Massachusetts & New Hampshire: Beverly Farms to Holderness
Route:Â An easy trip that turns into a driving workout; outrageous views en route to New Hampshireâ€™s Lakes Region, with stops in Newburyport and Meredith.Â Distance:Â 135 miles.Â Car:Â Bentley Continental GT.
A seaplane idles on Northwood Lake in Epsom.Â (Photos by Dominic Casserly)
A century ago, lucky New Englanders could enter Prides Crossing in Beverly on their own private railcars. Today, the old green-and-white station post is a chocolatier, and while the commuter rail does stop here, Iâ€™m going express in a refined Bentley Continental, making my way, eventually, to Holderness, New Hampshire.
I start out on Hale Street heading toward Beverly Farms, a Victorian neighborhood so incredibly preserved that some of the residents still organize cotillions. Private and quietly upscale, yet only minutes from a hot roast-beef sandwich (Mikeyâ€™s or Nickâ€™s?), Beverly Farms isâ€”if not ideal for first-time home buyersâ€”the best place to kick off a North Shore drive. And while it starts easy, this route is a real challenge the rest of the way to New Hampshireâ€™s Lakes Region.
I divert at Manchester-by-the-Sea to meet up with Route 133, gliding by the dandelion wine at Russell Orchards and the antique cars at Paul Russell & Company, where a refurbished 1962 Cobra CSX 2026 is available for $2.75 million. Past Rowley, Route 1A is all flat farmland and brown cattails waving by the Parker River, which often floods the low-lying bridge after a storm. I pause in Newburyportâ€™s red-brick downtown for a Kobe burger at Ceia, then cross the New Hampshire border. There are no stops for me now, not even to buy tax-free liquor, because Iâ€™m busy tackling Route 107, a grueling workout on hard asphalt that weaves through 55 miles of forested landscape.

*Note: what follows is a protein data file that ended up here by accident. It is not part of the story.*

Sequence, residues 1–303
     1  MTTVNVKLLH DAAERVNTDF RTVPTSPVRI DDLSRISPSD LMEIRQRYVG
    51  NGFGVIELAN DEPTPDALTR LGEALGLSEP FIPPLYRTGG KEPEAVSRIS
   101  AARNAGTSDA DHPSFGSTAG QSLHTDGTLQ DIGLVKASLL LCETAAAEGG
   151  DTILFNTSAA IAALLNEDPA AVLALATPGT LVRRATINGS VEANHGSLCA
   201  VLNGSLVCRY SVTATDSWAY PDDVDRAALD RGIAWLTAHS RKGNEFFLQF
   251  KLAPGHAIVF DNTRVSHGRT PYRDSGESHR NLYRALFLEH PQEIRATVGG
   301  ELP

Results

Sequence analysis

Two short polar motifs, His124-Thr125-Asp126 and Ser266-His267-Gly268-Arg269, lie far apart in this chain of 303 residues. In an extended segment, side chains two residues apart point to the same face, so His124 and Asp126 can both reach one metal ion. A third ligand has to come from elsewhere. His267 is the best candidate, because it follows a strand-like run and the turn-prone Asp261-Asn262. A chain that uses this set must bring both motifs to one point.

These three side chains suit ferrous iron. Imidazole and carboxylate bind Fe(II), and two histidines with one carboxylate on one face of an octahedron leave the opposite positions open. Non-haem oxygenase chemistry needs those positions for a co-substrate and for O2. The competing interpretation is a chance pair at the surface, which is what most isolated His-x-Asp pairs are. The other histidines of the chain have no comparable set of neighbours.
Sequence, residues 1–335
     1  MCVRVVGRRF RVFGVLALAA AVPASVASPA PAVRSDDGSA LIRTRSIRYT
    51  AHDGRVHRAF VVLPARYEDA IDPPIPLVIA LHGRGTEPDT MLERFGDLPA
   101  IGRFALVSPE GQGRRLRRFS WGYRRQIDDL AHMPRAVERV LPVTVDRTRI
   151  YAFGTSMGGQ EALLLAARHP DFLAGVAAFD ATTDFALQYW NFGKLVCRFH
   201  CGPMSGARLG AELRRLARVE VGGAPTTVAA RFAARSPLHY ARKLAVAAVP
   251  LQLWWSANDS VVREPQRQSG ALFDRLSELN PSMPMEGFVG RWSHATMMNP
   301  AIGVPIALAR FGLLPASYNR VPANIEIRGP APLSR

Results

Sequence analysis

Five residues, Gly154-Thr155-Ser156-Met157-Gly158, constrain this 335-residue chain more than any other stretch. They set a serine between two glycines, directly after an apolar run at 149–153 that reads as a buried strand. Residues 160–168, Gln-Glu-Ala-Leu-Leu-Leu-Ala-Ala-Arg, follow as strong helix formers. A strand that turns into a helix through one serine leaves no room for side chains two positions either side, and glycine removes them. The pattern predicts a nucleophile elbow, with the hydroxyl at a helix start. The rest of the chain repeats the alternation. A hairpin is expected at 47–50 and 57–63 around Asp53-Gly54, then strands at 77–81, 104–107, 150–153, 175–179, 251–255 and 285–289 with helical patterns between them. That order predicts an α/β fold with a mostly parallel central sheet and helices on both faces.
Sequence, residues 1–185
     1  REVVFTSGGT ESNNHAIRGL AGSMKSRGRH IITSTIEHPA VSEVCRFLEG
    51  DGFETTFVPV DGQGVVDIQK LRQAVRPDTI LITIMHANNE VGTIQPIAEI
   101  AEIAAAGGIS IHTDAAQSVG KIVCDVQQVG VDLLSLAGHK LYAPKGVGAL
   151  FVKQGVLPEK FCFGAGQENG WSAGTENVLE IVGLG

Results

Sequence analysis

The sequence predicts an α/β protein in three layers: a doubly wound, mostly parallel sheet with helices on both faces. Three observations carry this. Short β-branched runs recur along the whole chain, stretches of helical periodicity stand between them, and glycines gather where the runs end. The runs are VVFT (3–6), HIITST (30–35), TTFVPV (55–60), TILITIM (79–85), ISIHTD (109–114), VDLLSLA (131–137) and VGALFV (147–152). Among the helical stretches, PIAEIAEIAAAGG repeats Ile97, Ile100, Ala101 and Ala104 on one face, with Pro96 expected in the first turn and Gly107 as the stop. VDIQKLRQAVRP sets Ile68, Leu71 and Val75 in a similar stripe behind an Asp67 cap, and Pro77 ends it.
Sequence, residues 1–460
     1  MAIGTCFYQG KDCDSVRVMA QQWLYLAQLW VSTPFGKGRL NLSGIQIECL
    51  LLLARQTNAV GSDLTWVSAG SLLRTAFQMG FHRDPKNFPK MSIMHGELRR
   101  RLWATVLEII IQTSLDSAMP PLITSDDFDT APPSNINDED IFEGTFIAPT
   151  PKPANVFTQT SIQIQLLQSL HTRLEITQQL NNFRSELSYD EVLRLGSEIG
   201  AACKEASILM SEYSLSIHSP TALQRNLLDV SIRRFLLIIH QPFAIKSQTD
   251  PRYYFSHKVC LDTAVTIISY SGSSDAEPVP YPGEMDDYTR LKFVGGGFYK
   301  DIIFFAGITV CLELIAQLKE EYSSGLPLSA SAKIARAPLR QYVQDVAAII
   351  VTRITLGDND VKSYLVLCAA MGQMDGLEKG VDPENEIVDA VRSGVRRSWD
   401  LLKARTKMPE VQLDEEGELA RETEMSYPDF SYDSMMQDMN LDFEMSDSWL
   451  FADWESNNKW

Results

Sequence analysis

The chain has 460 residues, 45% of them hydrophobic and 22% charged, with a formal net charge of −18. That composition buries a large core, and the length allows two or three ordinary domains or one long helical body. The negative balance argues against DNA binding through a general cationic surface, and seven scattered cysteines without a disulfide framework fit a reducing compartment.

Sharp elevation changes, blind crests, downhill curves, braking, shifting, swallowing to maintain ear pressureâ€”thereâ€™s little margin for distraction. And just when you think you canâ€™t take another ab-straining turn, 107 relaxes into a calm, wide straight, then coils back again. I pass a sign in Gilmanton cautioning â€śoutrageous views ahead,â€ť and Iâ€™m now 1,200 feet above sea level.
By the time I reach Alton Bay at the southernmost tip of Lake Winnipesaukee, my endorphins are zapped. Iâ€™m revived by a stretch of Route 3 along the water and intrigued by the cash bingo, the Broken Spoke Saloon (a biker bar with live music), and Frankâ€™s Firearms, right on Main Street in Meredith.
I follow 3 northwest, almost to I-93, before sinking into the sofas at Ashlandâ€™s Common Man and enjoying another burger, this one topped with green-peppercorn aioli. Should you require more back roads, double back to Holderness, where even the gas stations sell fresh pies and produce, and get on Route 113. Better yet: Stay overnight by Squam Lake. Youâ€™ll hear nothing but wind rustling through moonlit pines, and the water slapping against the rocks come daybreak.
The kitschy sign welcoming tourists to Weirs Beach on Lake Winnipesaukee.
Sunrise over Newburyport Harbor.
A view of the Pine Hill Town Forest in Gilmanton.
Check out all five New England road trip routes in ourÂ 2012 Fall Travel Guide.
Source URL: http://www.bostonmagazine.com/2012/09/fall-travel-guide-road-trip-massachusetts-new-hampshire/